bolt task run exercise8::great_metadata --nodes linux --params '{"name":"Popeye","action":"spinach","recursive":true}'

The result:

Task exercise8::great_metadata:
 parameter 'action' expects a match for Enum['restart', 'start', 'stop'], got 'spinach'

Correct the value for the action parameter and run the task again.

bolt task run exercise8::great_metadata --nodes node1 --params '{"name":"Popeye","action":"start","recursive":true}'

The result:

Started on node1...
Finished on node1:
  {
    "message": "\nCongratulations on writing your metadata!  Here are\nthe keys and the values that you passed to this task.\n",
    "parameters": [
      {
        "type": "unicode",
        "value": "start",
        "key": "action"
      },
      {
        "type": "unicode",
        "value": "exercise8::great_metadata",
        "key": "_task"
      },
      {
        "type": "unicode",
        "value": "Popeye",
        "key": "name"
      },
      {
        "type": "bool",
        "value": true,
        "key": "recursive"
      }
    ]
  }
Successful on 1 node: node1
Ran on 1 node in 0.97 seconds

Creating a Task That Supports no-operation Mode (noop)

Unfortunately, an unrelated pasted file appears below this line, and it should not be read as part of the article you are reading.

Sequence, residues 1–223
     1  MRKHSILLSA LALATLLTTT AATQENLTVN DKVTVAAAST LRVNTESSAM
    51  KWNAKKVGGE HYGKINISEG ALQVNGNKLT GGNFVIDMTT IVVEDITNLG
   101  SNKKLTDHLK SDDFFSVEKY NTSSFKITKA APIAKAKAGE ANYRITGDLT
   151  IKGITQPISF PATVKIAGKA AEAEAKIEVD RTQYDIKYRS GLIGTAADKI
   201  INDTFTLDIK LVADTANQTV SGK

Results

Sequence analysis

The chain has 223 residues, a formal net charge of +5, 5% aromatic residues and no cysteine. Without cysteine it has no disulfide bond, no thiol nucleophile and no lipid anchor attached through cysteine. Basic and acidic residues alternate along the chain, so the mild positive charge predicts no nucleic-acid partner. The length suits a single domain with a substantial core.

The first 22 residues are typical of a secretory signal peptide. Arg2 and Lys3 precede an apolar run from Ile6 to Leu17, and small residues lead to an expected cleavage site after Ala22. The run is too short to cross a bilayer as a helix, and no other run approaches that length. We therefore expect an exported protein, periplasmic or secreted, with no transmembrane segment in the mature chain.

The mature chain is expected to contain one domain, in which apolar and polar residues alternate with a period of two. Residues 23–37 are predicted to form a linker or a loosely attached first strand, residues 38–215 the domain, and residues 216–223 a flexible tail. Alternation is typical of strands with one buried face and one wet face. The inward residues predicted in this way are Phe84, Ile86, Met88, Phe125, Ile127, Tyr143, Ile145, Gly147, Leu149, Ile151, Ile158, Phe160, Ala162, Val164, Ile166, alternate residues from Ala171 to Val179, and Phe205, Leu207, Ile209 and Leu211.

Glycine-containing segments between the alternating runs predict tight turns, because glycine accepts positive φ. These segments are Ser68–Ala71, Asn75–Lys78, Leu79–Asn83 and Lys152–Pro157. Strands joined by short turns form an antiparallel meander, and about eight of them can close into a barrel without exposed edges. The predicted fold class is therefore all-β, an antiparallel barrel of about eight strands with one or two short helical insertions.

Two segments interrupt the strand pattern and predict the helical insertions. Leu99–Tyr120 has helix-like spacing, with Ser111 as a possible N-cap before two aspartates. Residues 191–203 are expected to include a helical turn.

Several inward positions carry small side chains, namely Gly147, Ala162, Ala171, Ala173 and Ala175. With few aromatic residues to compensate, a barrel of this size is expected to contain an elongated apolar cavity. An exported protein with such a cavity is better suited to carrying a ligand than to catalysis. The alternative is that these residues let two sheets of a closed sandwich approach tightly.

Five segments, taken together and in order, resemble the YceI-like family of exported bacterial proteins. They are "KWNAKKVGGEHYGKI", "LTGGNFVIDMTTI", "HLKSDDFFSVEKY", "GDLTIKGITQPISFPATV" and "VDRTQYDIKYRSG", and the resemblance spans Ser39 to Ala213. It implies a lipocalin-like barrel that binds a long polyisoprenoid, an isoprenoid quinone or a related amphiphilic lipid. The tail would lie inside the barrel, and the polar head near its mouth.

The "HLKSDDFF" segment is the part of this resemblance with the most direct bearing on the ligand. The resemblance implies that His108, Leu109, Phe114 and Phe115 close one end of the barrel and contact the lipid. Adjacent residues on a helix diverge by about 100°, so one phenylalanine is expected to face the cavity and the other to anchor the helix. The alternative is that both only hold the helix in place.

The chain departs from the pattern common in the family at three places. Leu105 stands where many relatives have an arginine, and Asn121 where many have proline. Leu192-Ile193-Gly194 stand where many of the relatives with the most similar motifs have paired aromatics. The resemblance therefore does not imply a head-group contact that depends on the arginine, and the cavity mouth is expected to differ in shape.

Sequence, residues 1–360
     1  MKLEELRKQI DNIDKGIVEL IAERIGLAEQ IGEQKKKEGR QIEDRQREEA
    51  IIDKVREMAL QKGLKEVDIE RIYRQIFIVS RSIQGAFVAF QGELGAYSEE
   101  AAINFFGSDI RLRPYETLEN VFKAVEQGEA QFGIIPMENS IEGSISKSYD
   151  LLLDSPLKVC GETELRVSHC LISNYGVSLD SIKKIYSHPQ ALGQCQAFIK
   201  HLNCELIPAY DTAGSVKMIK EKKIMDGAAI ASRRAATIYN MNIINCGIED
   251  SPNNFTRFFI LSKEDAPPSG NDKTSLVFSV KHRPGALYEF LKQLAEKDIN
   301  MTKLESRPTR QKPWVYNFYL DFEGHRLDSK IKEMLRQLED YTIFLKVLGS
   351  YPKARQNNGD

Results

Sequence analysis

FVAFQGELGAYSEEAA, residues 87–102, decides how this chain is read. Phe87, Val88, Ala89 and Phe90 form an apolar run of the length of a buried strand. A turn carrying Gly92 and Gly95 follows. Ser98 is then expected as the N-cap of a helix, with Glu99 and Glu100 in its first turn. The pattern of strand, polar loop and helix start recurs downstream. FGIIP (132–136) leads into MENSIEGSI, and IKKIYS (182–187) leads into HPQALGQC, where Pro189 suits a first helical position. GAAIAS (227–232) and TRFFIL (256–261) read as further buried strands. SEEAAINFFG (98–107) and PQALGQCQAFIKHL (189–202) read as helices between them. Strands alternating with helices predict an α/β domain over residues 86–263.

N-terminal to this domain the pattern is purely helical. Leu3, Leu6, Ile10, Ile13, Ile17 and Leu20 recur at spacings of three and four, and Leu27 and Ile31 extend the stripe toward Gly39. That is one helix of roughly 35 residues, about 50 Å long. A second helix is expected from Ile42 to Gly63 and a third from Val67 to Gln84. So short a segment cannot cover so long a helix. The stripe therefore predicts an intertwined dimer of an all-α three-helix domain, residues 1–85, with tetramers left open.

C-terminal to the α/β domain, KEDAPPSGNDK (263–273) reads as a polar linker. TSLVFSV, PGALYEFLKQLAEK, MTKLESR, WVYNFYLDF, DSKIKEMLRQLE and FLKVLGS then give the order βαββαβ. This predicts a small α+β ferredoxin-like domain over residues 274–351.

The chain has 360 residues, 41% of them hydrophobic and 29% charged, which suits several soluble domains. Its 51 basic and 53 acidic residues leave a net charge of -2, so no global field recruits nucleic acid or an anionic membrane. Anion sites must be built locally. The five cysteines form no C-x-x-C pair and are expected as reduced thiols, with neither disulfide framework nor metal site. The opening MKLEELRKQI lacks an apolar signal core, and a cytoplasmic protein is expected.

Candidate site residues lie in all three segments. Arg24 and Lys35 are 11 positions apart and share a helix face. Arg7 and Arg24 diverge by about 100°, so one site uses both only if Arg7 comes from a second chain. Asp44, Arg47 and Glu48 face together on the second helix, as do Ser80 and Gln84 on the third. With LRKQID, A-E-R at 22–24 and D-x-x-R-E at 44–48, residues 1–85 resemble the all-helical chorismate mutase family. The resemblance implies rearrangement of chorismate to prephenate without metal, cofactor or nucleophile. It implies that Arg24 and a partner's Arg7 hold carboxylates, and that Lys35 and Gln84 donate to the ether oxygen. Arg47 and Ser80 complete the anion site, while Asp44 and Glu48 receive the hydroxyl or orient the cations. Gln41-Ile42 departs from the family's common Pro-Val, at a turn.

You can write tasks that support no-operation mode (noop). You use noop to see what changes a task would make, but without taking any action.

Create the metadata for the new task and save it to Boltdir/site-modules/exercise8/tasks/file.json:

{
    "description": "Write content to a file.",
    "supports_noop": true,
    "parameters": {
        "filename": {
            "description": "the file to write to",
            "type": "String[1]"
        },
        "content": {
            "description": "The content to write",
            "type": "String"
        }
    }
}

Save the following file to Boltdir/site-modules/exercise8/tasks/file.py. This task uses input from stdin. When a user passes the --noop flag, the JSON object from stdin will contain the _noop key with a value of True.

#!/usr/bin/env python

"""